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Opera News: (12/2012)
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Alessandro (1726) has entered history as the opera in which Handel first had the services of rival prima donnas Faustina Bordoni (the newcomer) and Francesca Cuzzoni (the defending champ). The entrance of the two star female characters, playing two princesses being strung along as possible brides by Alexander the Great, is sublimely tactful, with equal amounts of recitative — some of it delivered by both divas simultaneously. The two characters have an almost equivalent number of arias (plus a duet) in which to exhibit their expressive and technical wares. In this superb September 2011 recording featuring conductor George Petrou and his responsive, style-attuned Armonia Atenea, all three choice starring roles are cast from strength.

As Lisaura, written for Cuzzoni, Karina Gauvin proves utterly delightful — expressive in rage and contentment alike, the complete mistress of her technically and emotionally challenging part. High mezzo Julia Lezhneva has been the victim/beneficiary of the music industry's current obsession with extreme youth. Caught here short of her twenty-second birthday, her fresh, light timbre and proficient technique seem far better suited to Rosanne (the Faustina role) than to Fiordiligi and some of the Rossini scores to which her voice has been subjected. Her recits are inflected with intelligence; the arias show fine musicianship and pleasing agility and tone but a somewhat limited coloristic palette, somewhat akin to a treble in impact. The titular star of the initial Alessandro production was the famed alto castrato Senesino, also one of Handel's defining mastersingers. It's a marathon role, with eight(!) arias, encompassing myriad challenges, and a trickily ambivalent characterization. Max Emanuel Cencic commands the music totally, offering some of the most attractive tone of his distinguished recording career.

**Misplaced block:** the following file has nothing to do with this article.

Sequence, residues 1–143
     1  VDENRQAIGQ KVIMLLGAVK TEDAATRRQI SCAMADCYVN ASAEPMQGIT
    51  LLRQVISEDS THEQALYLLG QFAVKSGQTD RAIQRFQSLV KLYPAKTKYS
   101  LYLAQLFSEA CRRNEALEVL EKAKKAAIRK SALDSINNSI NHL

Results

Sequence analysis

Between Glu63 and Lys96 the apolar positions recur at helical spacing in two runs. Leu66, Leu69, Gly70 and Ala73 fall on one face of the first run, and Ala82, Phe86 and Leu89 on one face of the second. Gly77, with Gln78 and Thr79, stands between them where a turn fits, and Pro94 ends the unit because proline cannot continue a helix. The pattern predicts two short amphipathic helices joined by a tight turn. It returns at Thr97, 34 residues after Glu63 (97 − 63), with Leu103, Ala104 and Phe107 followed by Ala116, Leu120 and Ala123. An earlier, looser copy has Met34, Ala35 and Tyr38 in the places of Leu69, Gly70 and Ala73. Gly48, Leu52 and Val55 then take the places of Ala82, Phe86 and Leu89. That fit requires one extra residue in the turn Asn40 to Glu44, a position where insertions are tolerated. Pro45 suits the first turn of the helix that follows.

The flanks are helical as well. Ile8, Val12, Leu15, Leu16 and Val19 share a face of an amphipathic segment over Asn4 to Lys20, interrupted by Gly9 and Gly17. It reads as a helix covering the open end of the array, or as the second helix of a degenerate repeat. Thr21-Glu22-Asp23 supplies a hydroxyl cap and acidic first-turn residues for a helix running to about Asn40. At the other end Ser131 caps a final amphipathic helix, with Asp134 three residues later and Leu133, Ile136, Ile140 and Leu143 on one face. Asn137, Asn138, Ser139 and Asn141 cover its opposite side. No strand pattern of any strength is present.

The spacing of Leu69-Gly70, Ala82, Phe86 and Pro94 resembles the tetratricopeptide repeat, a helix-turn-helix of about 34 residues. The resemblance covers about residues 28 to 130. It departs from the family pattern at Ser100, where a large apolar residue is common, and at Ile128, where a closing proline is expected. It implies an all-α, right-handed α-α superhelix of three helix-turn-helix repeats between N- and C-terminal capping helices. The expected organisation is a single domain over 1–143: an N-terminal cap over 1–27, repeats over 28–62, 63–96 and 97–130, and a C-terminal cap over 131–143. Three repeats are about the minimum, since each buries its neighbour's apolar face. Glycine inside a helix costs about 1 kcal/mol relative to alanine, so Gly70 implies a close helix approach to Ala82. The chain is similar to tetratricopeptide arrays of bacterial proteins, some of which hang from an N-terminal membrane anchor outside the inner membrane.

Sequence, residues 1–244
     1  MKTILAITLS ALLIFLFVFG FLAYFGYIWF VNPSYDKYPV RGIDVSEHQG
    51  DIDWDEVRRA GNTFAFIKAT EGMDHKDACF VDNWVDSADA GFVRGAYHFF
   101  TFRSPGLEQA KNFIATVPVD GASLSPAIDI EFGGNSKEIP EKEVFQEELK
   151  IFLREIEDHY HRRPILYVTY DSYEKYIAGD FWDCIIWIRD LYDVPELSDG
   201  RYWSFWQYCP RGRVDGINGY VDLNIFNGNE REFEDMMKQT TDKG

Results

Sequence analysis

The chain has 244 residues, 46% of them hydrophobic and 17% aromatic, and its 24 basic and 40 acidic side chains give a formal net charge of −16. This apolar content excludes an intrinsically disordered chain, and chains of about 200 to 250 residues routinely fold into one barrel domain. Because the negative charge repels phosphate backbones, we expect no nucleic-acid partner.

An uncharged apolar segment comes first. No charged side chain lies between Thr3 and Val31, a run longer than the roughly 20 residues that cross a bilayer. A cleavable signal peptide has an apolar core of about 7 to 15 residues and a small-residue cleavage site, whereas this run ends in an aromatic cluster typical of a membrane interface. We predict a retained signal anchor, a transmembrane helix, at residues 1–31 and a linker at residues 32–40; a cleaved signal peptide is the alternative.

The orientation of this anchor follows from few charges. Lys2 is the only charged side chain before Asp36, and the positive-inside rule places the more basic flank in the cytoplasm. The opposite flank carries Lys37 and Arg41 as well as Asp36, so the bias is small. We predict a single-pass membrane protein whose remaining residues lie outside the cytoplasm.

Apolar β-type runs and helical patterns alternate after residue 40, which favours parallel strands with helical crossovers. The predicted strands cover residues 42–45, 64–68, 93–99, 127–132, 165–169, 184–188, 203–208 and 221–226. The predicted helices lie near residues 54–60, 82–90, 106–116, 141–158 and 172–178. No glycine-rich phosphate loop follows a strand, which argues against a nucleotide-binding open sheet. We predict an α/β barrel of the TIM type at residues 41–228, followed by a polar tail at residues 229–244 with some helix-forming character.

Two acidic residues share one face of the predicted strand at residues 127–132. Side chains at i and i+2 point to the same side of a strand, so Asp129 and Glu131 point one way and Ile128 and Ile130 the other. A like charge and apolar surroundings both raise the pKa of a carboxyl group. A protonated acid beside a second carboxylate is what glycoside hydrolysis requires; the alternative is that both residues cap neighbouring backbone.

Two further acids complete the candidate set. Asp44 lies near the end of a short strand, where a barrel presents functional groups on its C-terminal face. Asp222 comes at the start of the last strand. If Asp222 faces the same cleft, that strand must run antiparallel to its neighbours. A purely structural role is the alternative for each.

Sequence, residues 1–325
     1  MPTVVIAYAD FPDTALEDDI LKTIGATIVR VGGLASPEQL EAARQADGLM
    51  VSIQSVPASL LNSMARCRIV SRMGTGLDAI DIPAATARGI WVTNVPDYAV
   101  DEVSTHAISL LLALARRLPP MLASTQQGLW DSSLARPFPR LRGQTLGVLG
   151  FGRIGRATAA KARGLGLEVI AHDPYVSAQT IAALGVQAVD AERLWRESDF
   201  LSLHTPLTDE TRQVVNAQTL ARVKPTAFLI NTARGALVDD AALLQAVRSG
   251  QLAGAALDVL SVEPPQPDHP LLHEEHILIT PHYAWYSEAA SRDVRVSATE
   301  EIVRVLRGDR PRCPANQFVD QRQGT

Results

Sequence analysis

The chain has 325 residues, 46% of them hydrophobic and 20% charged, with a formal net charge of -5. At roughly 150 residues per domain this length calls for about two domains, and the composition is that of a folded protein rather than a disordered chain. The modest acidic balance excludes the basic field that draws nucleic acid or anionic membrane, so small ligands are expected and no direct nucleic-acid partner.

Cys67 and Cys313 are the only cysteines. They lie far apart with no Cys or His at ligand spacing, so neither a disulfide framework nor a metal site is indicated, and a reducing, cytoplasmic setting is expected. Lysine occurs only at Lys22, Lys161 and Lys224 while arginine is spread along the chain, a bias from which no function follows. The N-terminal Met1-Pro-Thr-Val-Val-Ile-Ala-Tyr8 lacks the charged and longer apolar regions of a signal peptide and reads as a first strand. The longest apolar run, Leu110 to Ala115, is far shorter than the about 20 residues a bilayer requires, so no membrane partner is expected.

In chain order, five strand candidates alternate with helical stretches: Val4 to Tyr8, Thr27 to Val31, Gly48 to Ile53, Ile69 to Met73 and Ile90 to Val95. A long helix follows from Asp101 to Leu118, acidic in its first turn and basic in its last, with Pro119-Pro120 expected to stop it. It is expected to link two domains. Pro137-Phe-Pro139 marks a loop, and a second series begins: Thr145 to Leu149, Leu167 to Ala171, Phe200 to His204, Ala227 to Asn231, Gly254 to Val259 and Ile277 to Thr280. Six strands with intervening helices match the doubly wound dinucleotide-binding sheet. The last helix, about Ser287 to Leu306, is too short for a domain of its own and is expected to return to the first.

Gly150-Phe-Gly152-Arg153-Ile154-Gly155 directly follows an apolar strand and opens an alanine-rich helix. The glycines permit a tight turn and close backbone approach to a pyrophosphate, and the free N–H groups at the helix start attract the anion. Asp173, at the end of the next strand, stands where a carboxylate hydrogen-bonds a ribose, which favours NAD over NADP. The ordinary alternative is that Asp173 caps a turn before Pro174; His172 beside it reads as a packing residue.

Two other countertenors take part. To Xavier Sabata falls the sympathetic secondo uomo role of Tassile, the Indian King who is allied with Alexander, but who also pines for Lisaura. Alessandro has, like Agrippina, a pair of semi-comic secondary parts with an aria apiece — here, two ambitious Macedonian officers in Alexander's circle. Vasily Khoroshev (Cleonte) is more of a hell-for-leather kind of countertenor, but he stays within the stylistic framework. Spanish tenor Juan Sancho (as his co-conspirator Leonato) sings with assured style but a rather narrow timbre. Korean bass In-Sung Sim dispatches Clito — the generally loyal officer who alone refuses to worship his commander as a god — with handsome tone if somewhat aspirated coloratura.

Alessandro, very demanding to cast, is consequently rarely staged. The Badisches Staatstheater (Karslruhe) features a production in February with Lawrence Zazzo as Alessandro; this coming May, Petrou will lead a Lucinda Childs-directed staging at Versailles with the orchestral forces on these Decca CDs plus Cencic, Sabata, Khoroshev and Sancho. This marks the opera's fourth appearance on records, and the present Decca issue jumps to the top of the class, confirming Petrou's status as one of the world's rising Handelian star conductors.  

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